Anyway, more scenes. My plan is to reread the current draft of "Stand By..." and note wherever things get cluttered and awkward, or wherever I've tried to provide more flashback or exposition than comfortably fits into that point in the narrative. I'll experiment with making them full-blown scenes in their own right. (Possibly the story will be restructured to alternate between scenes set now and scenes set in Dolores's past, but I'm not wed to that idea yet.) Additional scenes will not only make things less clunky, I hope, but will also give the story room to better develop the necessary tension. Better pacing, in other words.

With several of my completed stories, I can point to a moment during the revision process where I restructured the narrative and everything came unstuck like magic. I am hoping I just reached that moment with this story. Only hindsight will be able to say.

OK. I swear this evening I will not just think about it but also TYPE about it. Even if there is wi-fi. I will be good! I will be a hard-working little writer person! I will make words appear on the screen! Promise!

short story season, novel writing season
Wed 2016-10-05 10:55:25 (single post)

I'll be getting on a train in about three hours (as of the time of starting this blog post), so I'm blogging now rather than later. Today's topic: My cunning plan to accomplish all my fiction goals, both long and short.

I have for many years now considered myself a novelist as well as a short story writer. Even so, I still haven't finished a novel to the point of commercial viability. Some may say this means I don't get to call myself a novelist; I am not going to waste time arguing with them, as there's no profit in it for them nor me. I'm more concerned with problems that actually need solving, to wit, (1) there are only so many hours in the day, and (2) I have not historically excelled at time management.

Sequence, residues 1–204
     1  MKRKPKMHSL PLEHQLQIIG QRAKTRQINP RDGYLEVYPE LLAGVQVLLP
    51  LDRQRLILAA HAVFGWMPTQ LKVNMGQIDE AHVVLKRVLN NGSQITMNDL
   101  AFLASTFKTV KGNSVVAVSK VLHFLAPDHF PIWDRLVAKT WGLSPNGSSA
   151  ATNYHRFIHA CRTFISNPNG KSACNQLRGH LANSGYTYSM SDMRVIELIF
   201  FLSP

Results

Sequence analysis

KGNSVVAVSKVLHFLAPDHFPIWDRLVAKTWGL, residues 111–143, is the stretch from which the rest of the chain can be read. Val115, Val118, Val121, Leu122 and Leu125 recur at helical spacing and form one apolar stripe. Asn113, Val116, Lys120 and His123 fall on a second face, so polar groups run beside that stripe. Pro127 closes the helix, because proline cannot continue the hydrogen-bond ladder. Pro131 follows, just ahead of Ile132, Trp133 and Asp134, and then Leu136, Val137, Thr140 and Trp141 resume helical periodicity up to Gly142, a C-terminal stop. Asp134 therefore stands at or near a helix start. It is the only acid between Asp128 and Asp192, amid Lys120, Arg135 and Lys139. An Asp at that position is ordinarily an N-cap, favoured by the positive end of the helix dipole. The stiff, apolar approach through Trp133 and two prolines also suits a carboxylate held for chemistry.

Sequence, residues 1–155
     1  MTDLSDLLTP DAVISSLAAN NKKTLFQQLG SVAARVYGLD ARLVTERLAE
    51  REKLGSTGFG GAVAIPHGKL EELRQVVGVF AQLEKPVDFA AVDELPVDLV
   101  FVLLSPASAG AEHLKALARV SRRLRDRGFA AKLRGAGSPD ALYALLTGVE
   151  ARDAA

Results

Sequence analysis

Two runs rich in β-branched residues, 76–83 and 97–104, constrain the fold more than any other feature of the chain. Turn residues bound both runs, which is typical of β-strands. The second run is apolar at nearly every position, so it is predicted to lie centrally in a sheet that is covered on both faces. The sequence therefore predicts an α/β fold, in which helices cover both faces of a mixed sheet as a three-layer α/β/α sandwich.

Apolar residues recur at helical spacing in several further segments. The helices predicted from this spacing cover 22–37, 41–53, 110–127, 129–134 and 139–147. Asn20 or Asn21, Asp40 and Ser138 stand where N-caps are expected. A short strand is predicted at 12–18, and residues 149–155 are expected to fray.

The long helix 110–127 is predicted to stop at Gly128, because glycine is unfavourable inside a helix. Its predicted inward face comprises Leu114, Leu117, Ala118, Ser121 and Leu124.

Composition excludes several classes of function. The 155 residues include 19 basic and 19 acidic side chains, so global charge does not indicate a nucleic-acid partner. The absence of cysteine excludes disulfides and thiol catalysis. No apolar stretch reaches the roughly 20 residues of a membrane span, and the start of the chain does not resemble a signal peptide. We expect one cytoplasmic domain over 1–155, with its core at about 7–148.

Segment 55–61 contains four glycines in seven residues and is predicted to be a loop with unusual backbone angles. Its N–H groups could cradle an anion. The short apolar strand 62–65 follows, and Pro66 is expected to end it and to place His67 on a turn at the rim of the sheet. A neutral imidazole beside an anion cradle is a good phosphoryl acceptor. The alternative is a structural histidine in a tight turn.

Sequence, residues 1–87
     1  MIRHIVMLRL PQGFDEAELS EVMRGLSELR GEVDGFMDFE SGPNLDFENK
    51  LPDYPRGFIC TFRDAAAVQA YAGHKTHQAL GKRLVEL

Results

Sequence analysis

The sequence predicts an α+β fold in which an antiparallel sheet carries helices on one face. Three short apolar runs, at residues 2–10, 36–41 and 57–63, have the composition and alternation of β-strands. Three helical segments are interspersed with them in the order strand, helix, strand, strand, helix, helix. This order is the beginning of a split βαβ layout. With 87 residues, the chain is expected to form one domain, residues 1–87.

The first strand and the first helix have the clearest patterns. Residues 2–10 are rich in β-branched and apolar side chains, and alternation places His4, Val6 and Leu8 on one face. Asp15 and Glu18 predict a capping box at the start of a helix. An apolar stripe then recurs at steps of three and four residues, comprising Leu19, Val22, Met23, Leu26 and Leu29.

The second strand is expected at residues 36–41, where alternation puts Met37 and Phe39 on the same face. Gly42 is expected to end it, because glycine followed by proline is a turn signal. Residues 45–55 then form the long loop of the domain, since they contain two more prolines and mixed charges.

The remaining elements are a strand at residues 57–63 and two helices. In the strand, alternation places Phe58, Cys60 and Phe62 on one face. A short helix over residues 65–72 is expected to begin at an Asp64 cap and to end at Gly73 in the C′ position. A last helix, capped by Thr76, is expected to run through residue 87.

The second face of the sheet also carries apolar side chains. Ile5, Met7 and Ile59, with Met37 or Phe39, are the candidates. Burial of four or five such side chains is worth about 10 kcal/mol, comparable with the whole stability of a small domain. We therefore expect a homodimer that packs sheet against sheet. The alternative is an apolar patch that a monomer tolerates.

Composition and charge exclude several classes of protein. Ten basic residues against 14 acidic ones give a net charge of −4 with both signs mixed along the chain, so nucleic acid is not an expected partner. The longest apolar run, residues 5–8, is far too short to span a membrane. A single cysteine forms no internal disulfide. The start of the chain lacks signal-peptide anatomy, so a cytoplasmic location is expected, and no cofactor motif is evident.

In short: Until something about problems (1) or (2) changes--say, the Earth's rotation slows down to afford us extra hours in a day, or, possibly more likely, I start using my available hours more effectively--it's simply not realistic to expect myself to make progress on both the short and the long fiction goals in a single work day.

So I'm looking at the space of a year instead.

The inspiration for this obvious-in-hindsight idea was episode 11.33 of the podcast Writing Excuses: Crossover Fiction with Victoria Schwab. Schwab writes across the age spectrum of audiences, from middle grade to YA to adult. She writes one novel in each of those three categories every year. What caught my ear was the way she does it--and I'm having trouble finding the exact quote, but what I remember is, she designates a particular season of each year to each to each of those projects. Which struck me as an absolute genius solution to my own problem. If I were to designate certain months of the year for short fiction and others for novels, then I'm not responsible for making time for both in every single day. Instead, I'm only responsible for making daily time for fiction, period. And that is a reasonable goal.

While I don't want to try to plan the whole year out from here--there are probably factors I'm forgetting to take into account, like travel and appointments and the rhythms of the 2017 roller derby season--it's a no-brainer to reserve November for novel work. Which means this month, October, I'm buckling down to get several short stories newly ready to go. That way, during novel-writing months, all I have to do with short stories--all I am allowed to do with them--is submit and resubmit them.

Which means this month I'm going to get a little antsy about days without a short fiction work session. My hope is that yesterday will have been the last of those. Shouldn't be too hard to bank today toward the goal, since I'll be getting on a train in about two hours (as of the time of uploading this blog post)....

Bike. Jog. Skate. OK.
well maybe more of a workout vacation
Tue 2016-10-04 23:22:30 (single post)

I've come to the last night of what has been an exceedingly active visit to the New Orleans area. It has not in any way been a working vacation, which, OK, I shouldn't have expected. But it has been an active one. Darn near athletic.